"A Shaman Steering the Vessel of Vastness"

(Profound Lore)

01. Anticipation of an Obituary
02. Quantum Frost
03. Only the Dead Speak the Truth
04. The Wolf Will Never Die
05. Ultra-Extinction
06. Narrow Road
07. The Mentu Dynasty

RATING: 8/10

Mentally picture those old, grainy, black and white horror films, even as far back as "Nosferatu". The motion is jerky, the actors move with dramatic flair, wild-eyed expressions of madness etched across faces, lightning flashing across the sky and a rainstorm pummeling an old house is seen, as dark figures lurk in the background. Got it? Now consider what a modern day soundtrack to one of these films might sound like. Considering how macabre some of those ancient films seem when viewed today, it might sound like the (appropriately) lo-fi drone and dread of THRALLDOM's "A Shaman Steering the Vessel of Vastness", the experimental rumble and whirr of two men: Killusion (Ryan Lipynsky, also of UNEARTHLY TRANCE) and Jaldagar.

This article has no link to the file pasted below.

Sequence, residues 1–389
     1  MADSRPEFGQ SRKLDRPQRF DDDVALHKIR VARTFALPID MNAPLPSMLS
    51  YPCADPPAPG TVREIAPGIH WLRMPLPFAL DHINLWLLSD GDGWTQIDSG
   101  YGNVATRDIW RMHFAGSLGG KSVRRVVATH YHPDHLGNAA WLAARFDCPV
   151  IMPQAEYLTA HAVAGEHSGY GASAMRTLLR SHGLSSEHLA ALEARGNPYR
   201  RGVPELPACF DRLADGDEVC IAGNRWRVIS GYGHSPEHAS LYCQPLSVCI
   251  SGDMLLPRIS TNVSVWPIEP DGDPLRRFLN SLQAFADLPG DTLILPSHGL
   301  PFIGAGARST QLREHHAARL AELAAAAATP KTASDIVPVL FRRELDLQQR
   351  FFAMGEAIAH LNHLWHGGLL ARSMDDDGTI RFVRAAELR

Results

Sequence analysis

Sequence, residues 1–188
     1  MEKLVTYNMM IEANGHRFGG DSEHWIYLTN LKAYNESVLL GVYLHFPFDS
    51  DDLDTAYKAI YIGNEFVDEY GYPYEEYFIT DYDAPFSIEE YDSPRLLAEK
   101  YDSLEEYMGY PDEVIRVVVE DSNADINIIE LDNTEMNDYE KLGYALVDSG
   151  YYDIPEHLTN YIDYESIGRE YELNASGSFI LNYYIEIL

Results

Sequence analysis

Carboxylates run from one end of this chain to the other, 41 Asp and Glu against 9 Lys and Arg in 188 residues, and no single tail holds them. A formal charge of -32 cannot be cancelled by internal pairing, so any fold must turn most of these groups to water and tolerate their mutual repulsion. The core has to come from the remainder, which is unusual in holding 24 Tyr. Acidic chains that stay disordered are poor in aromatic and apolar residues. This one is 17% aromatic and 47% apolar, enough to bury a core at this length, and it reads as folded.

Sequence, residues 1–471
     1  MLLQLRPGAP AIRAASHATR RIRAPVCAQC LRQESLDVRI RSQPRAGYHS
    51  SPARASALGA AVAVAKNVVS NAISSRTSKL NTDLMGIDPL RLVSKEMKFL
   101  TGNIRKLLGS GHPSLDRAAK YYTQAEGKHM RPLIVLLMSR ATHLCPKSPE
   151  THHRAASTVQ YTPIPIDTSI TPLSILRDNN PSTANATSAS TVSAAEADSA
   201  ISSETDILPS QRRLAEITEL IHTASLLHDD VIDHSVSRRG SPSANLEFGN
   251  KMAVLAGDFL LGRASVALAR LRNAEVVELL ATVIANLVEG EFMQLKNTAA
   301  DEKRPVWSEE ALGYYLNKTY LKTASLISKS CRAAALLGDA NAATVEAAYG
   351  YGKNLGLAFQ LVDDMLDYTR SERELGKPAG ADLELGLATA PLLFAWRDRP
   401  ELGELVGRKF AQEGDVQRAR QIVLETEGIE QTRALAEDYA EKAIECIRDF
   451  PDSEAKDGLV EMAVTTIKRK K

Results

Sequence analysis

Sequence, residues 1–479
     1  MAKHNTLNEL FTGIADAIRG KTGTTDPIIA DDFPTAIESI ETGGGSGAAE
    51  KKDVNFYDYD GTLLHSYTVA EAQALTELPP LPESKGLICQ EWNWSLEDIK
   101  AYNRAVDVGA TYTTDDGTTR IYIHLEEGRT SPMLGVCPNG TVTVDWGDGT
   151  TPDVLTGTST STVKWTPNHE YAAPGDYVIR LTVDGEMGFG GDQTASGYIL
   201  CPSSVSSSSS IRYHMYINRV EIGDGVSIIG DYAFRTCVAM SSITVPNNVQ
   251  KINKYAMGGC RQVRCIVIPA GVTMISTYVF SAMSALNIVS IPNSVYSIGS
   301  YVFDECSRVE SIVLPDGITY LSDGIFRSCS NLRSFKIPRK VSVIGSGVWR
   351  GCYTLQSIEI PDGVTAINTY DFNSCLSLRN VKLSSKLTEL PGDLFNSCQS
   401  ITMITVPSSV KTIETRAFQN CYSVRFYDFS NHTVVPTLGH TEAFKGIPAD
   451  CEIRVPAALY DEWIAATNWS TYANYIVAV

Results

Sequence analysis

While Killusion is listed as contributing vocals, guitar, and prose, and Jaldagar with drums and percussion, both are credited with "sound manipulations, experimentation, and noise." Right, this ain't MARDUK. The mental picture painted should be one of a U.S. black metal act that resides in a neighborhood not far from Malefic's (XASTHUR). The comparison is useful only for the purpose of pointing one in the right direction though. The style of THRALLDOM, while defined to a significant extent by doom-laden ambience and chilling atmospheres, is often driven by a kind of hypnotic roar that is fairly distinct.

Though cohesive, the album's moods do vary. Two of the songs on this 34-minute release, "Only the Dead Speak the Truth" and the eight-minute "Quantum Frost", are esoteric in a general sense, but are propelled by heavy, bone-dry riffs, the former track in particular noteworthy for its repeating riff churn that is immediately memorable. "The Wolf Will Never Die" and "The Mentu Dynasty" are of the ugly and noisy, nails-on-chalkboard, variety. Agonizing screams and petrifying moans replace the standard harsh vocals (the fascinating lyrics are included, by the way). Things do quiet down a bit, in a nervous and somber kind of way, on "Ultra-Extinction", though the feelings of distress never go away.

Give it some time and "A Shaman Steering the Vessel of Vastness" will open up passages through the psyche that you never realized existed. THRALLDOM has been honing its craft since 1997 and it shows on this album. This one is in fact a very interesting and appealingly disturbing release.


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